Beejar |

Q & A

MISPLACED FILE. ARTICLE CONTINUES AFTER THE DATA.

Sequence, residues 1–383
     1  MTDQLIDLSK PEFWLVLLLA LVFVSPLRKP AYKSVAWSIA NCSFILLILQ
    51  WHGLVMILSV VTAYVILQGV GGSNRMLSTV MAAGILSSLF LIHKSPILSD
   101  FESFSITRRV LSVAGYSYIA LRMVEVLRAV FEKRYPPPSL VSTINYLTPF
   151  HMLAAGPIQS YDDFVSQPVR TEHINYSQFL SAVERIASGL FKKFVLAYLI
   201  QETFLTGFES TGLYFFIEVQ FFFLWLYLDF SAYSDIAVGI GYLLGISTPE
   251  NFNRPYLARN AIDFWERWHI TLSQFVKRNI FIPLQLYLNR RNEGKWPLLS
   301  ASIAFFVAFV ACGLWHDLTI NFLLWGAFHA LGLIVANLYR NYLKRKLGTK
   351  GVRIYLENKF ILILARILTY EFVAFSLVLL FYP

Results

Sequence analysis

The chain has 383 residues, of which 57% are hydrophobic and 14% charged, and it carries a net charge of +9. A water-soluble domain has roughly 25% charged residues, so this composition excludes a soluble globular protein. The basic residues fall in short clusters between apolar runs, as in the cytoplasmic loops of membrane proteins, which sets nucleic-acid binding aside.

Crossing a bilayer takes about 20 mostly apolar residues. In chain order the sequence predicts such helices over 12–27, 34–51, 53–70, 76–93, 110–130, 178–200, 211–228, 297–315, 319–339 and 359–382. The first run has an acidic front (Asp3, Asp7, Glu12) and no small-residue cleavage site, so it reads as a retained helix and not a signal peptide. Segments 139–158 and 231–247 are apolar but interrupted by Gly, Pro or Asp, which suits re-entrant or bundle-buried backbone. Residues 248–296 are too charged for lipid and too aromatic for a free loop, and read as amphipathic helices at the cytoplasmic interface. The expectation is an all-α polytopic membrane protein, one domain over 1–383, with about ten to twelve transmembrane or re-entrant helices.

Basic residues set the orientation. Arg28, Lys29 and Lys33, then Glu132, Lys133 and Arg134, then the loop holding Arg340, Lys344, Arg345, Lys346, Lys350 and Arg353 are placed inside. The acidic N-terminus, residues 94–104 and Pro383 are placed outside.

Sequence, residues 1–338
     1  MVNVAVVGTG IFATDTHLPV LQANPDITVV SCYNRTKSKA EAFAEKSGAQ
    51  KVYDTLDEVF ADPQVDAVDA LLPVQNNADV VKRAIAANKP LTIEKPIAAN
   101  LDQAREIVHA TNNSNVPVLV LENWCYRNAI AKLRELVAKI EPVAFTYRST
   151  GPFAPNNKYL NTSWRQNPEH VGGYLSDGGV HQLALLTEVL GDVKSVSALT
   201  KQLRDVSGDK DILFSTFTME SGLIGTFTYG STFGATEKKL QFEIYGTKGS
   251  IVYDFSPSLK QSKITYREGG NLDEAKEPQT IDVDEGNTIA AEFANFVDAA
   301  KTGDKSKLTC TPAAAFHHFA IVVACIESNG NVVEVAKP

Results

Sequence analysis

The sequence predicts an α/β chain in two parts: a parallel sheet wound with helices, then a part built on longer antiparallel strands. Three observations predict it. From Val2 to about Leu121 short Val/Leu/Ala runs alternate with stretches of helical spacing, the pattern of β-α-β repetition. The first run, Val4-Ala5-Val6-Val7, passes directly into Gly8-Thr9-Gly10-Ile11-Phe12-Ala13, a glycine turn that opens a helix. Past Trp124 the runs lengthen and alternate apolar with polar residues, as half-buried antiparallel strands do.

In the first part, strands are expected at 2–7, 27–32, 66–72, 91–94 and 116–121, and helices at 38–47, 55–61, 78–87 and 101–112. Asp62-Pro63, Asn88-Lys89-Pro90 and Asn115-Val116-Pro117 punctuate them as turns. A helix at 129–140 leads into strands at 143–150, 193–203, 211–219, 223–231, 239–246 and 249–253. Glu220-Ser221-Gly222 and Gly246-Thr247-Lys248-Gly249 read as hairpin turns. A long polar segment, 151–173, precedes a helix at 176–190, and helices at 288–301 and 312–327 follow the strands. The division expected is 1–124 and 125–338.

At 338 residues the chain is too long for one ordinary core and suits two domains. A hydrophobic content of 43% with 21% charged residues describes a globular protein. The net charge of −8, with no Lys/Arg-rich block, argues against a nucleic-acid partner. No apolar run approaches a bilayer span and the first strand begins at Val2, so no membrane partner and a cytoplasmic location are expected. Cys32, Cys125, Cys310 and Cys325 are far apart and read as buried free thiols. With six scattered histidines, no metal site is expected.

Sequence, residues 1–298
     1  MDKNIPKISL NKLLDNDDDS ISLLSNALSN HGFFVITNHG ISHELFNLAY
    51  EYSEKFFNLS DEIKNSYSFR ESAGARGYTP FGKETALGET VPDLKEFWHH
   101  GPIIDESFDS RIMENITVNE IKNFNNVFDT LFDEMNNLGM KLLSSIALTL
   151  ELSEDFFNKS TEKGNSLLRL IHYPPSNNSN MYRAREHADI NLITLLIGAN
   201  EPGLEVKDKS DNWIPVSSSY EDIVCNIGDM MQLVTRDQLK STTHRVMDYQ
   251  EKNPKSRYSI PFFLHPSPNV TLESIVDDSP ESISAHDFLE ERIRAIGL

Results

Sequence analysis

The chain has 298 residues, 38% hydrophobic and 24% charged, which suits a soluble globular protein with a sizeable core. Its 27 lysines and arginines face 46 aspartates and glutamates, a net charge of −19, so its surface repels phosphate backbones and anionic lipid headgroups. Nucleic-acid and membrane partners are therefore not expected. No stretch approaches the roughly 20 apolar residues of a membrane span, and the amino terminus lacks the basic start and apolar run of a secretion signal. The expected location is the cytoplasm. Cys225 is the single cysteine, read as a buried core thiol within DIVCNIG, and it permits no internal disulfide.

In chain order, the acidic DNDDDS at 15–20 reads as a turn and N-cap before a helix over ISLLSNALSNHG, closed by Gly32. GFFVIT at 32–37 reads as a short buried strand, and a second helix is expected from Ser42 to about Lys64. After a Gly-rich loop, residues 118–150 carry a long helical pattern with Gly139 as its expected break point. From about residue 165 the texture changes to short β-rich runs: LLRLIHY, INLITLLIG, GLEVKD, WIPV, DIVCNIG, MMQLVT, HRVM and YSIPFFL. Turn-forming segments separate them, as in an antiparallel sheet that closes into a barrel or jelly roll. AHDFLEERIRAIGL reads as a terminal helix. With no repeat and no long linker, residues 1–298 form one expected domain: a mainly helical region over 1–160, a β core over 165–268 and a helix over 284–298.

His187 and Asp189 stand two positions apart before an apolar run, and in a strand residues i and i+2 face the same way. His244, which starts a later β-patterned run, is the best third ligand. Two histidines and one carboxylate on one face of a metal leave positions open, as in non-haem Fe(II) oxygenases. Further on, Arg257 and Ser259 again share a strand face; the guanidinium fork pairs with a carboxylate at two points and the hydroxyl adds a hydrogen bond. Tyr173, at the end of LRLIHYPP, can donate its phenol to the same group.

Q & A with Reed Woodson Q: What is Beejar? A: Well, there are several aspects to it, but simply put, Beejar is a design/build firm. I'm also a Realtor, so that plays into the model as well. Q: What is the model? A: It's a holistic approach to real estate development. It's the belief that finding the right property can be just as important as the design, which can be just as important at the implementation of that design. It's the weakest link theory. Q: In English please? A: Ok, often times the property itself dictates the scope of work possible. There are so many obstacles that people fail to consider. What are the zoning laws? Are there any landmark restrictions? Structural limitations? These are just a few of the things that can handcuff you right out of the gates. Most Realtors aren't asking these questions for their clients because they aren't trained to think that way. Having bought and gut-renovated multiple properties, I think about these issues second nature. So ideally I'll work with clients as their Realtor during the acquisition stage to help find the property that makes the most sense for them. (continued) Q: Then what? A: Then it's on to the design phase. Q: Why are you smiling? A: At the core of it, Beejar is a design firm. Acquiring property, contracting and project management are all critical to the project, but for me, those endeavors are all just means to an end. Q: The "end" being....? A: Having a clean slate from which to design, and creating the most unencumbered path possible. Q: So in addition to acting as Realtor and designer, Beejar acts as contractor and project manager as well? Why? A: That's right. During my first renovation I worked with several contractors and ultimately ended up taking the project over myself. No disrespect to the profession - as there are many great contractors out there - but there is an inherent conflict of interest there between designer and contractor. And there's also too much potential for finger pointing. I've seen it too many times. In this model, there is total accountability. The buck stops with me!! Q: So you require your clients to put a lot of trust in you... A: Absolutely. They are going to have to put their trust out there anyway, from their Realtor to their designer to their contractor to their project manager. And then hope they all play nice together. I see no reason why it shouldn't be all under one roof. In fact, I see a lot of reasons why it should be, which is why I formed Beejar. Q: Can clients choose your services à la carte? A: Sure. If someone just needs design work, or help only with acquiring the right space. I wouldn't contract a job I didn't design though. That's all of the headache and none of the fun. Q: Are you a licensed architect or structural engineer? A: No. I bring in those trades when the project calls for it. With renovations that don't require structural work or filing, I'll draw the plans myself. Q: You occasionally refer to Beejar as "us." Who is "us?" A: I am referring to the team of architects, engineers, plumbers, electricians and other trades that I partner with based on a project's scope. Q: You're a LEED AP. What is that, and how does that benefit your clients? A: LEED stands for Leadership in Energy and Environmental Design. It's the standard rating system for green building today. AP stands for Accredited Professional. It's my belief that the green movement is not a fad. There is a finite amount of land on this planet and population is increasing exponentially. Natural resources are diminishing. But beyond that, the green movement just makes sense philosophically. It's not about hugging trees and singing Kumbaya. It's about living sustainably. I have yet to hear a plausible argument in opposition of that. Q: Thanks for the proselytizing. Benefit to clients? A: Oh, right. Well, regardless if clients want their projects LEED certified or not, I can at least present them with their options. Most people would rather not breathe in paint fumes containing VOCs if they knew they had the choice. Or if they knew how much money they would save annually simply by changing their light bulbs or installing low flow fixtures, they would opt for that. In so many cases, implementation is so simple that the only reason it isn't in place is lack of awareness. So to answer your question, I can inform my clients and create that awareness. Q: Besides lack of awareness, why doesn't everyone build green then? A: Cost. While some green approaches save money, others aren't quite there yet. But the current legislation coming down the pipes combined with the massive inflow of money recently into R&D of materials and systems, there will soon be plenty of government subsidies and credits on both the local and federal levels to make "going green" worth it financially across the board. In many cases, it's already here. Q: Anything else people should know about Beejar? A: Ha ha. That is more than enough info. Thanks if you're still reading.

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